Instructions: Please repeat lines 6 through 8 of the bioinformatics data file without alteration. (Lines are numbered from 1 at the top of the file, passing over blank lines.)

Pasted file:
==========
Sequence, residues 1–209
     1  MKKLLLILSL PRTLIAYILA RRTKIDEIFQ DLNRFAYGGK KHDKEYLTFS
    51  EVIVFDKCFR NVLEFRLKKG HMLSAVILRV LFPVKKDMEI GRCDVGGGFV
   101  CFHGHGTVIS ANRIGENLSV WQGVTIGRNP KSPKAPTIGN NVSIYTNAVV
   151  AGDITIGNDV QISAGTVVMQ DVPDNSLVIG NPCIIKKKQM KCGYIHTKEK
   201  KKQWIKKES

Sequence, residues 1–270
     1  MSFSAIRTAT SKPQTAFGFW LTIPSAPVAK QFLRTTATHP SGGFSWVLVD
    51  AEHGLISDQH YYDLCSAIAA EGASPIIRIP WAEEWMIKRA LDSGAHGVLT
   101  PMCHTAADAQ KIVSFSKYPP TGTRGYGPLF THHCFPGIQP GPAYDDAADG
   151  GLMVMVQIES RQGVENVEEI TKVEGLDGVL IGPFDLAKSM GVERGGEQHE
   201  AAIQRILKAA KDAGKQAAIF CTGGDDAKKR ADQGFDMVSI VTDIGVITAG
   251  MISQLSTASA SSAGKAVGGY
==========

   201  KKQWIKKES

Sequence, residues 1–270
     1  MSFSAIRTAT SKPQTAFGFW LTIPSAPVAK QFLRTTATHP SGGFSWVLVD